Microsoft Lays Out Support Lifecycle, Policy

Microsoft Corp. introduced consistency and predictability into its formerly haphazard product lifecycle support on Tuesday by laying out a policy and creating a single Web site where customers can check on the support status of all Microsoft software. "Through our customer focus groups, Microsoft learned that customers do not have a clear understanding of vendor lifecycle plans. Instead they rely on expectations of how often new releases occur, and react to retirement announcements," Lori Moore, corporate vice president of Microsoft product support services, said in a Q&A on Microsoft's Web site explaining the new policy. IDC analyst Al Gillen put the need for the policy a little more bluntly. "As a customer, you couldn't tell what the lifecycle was on a particular product. It was kind of hodgepodge. They had moving windows of support and different places to find information," Gillen says.

The basics of Microsoft's Support Lifecycle policy:

  • It applies to most products currently available through retail purchase or volume licensing and future release products.
  • Business and development software will be supported for five years from the date of a product's general availability.
  • Customers can purchase extended support for business and development software for an additional two years with one caveat. They must be on the latest service pack or the next-to-latest service pack, if that service pack is still supported.
  • Security hotfixes will be available for free throughout the full seven years, including the extended support phase, for business and developer products.
  • Consumer, multimedia and hardware products get mainstream support for five years but no extended support.
  • Consumer products that have a new version each year (Money, Encarta, Street & Trips) have three years of mainstream support and no extended support.
  • Most products will receive at least eight years of online self-help support.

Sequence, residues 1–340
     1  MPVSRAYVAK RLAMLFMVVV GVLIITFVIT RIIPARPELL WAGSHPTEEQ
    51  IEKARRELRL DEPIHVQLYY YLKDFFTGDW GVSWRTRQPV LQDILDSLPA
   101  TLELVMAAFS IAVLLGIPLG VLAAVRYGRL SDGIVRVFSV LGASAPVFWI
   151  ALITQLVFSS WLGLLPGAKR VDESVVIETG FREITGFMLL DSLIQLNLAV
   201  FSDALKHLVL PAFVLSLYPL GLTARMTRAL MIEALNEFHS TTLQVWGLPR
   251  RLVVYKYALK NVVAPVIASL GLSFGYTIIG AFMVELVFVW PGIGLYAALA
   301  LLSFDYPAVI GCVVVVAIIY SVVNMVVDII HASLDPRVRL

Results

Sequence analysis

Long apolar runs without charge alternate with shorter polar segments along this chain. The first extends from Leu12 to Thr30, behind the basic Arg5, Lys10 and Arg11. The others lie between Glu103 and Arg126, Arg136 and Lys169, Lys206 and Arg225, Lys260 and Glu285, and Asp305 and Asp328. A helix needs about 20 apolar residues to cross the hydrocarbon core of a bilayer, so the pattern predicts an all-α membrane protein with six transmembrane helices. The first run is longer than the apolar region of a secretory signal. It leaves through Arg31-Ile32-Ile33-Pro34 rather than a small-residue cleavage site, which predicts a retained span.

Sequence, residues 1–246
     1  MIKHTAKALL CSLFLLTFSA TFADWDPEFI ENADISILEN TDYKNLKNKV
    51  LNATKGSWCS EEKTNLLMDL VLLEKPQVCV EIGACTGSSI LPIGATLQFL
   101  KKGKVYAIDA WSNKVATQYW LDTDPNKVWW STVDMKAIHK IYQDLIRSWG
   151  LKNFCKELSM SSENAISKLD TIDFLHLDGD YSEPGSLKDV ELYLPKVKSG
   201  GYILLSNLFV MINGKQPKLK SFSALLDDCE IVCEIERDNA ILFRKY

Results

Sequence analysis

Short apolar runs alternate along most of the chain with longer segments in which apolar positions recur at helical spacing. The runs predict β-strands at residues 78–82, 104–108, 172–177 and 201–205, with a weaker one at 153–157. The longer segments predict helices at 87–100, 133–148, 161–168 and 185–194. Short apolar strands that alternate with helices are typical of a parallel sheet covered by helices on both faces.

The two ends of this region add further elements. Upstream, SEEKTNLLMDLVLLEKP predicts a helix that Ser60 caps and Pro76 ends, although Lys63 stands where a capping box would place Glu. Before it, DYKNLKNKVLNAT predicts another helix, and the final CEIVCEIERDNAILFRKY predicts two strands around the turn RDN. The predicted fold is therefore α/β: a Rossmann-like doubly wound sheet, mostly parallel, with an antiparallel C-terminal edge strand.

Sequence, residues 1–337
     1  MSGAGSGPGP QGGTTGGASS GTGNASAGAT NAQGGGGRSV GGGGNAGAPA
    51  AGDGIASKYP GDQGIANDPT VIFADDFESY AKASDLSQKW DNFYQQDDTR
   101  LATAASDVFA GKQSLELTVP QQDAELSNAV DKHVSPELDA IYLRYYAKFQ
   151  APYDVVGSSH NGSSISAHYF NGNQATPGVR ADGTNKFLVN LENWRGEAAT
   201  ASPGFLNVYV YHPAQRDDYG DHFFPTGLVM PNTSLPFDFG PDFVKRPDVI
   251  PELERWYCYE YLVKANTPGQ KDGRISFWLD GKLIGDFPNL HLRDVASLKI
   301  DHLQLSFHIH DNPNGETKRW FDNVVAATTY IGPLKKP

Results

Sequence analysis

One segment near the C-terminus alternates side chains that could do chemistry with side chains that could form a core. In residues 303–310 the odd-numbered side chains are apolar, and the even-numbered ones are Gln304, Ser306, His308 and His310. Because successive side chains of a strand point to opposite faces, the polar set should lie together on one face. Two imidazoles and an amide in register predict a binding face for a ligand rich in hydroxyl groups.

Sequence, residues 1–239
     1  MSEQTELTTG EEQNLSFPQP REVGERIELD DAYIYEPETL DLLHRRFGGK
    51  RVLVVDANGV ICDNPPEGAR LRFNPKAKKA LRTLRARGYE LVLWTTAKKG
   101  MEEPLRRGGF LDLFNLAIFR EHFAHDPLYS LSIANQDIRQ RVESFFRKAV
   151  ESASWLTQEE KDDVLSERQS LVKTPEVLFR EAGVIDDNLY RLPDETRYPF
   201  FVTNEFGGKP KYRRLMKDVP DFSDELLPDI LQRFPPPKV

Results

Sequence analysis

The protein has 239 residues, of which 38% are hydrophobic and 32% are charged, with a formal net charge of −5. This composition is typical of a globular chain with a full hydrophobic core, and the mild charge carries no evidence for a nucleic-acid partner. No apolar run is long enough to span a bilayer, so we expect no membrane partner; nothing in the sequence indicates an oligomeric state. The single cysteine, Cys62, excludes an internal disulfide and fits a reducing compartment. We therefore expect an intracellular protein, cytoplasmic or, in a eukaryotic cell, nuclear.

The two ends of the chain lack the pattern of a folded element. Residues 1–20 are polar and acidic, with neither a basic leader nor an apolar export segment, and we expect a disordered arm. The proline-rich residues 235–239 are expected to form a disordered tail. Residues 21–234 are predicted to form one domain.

• The timeline for specific product support will be maintained at

    Enterprises that have support needs that don't end conveniently after seven years will have other options. "Custom support relationships may include assisted support and hotfix-level support, and may extend beyond 10 years from the date a product becomes generally available," Microsoft's Moore says in the Q&A. Additionally, Microsoft expects that partners will offer support beyond the extended support phase.

    Microsoft defines the mainstream phase as including no-charge incidents, paid incidents, hourly charges, warranty claims and hotfix assistance. Extended support may include hourly charges and paid hotfix support. Customers who want extended hotfix help during the two year extended phase must commit to it by purchasing an extended hotfix contract within 90 days after the mainstream period ends. In other words, you can't save money by waiting to see if you need actually need a hotfix during the extended support phase. After three months, any problems requiring a hotfix are the customer's problem, under the new policy.

    The new policies represent a change in Microsoft's service pack support. Previously, Microsoft supported only the latest service pack. Now Microsoft is supporting the immediately preceding service pack for up to 12 months after the release of the latest service pack. Non-security hotfixes will not be created for the immediately preceding service pack unless they are specifically requested by customers. Microsoft strongly urges customers to get on the latest service pack as soon as possible.

    Although some observers contend Microsoft is using the support policy like Licensing 6.0 as another stick to force customers into buying the latest software, IDC's Gillen sees the move as unrelated to Microsoft's revenue-enhancement efforts. To Gillen Microsoft is simply filling in a long overdue hole in its policies.

    For more information about support schedules for major enterprise software, see the related story: Support Deadlines Loom for Exchange 5.5, SQL 7.0, NT 4.0.

  • About the Author

    Scott Bekker is editor in chief of Redmond Channel Partner magazine.

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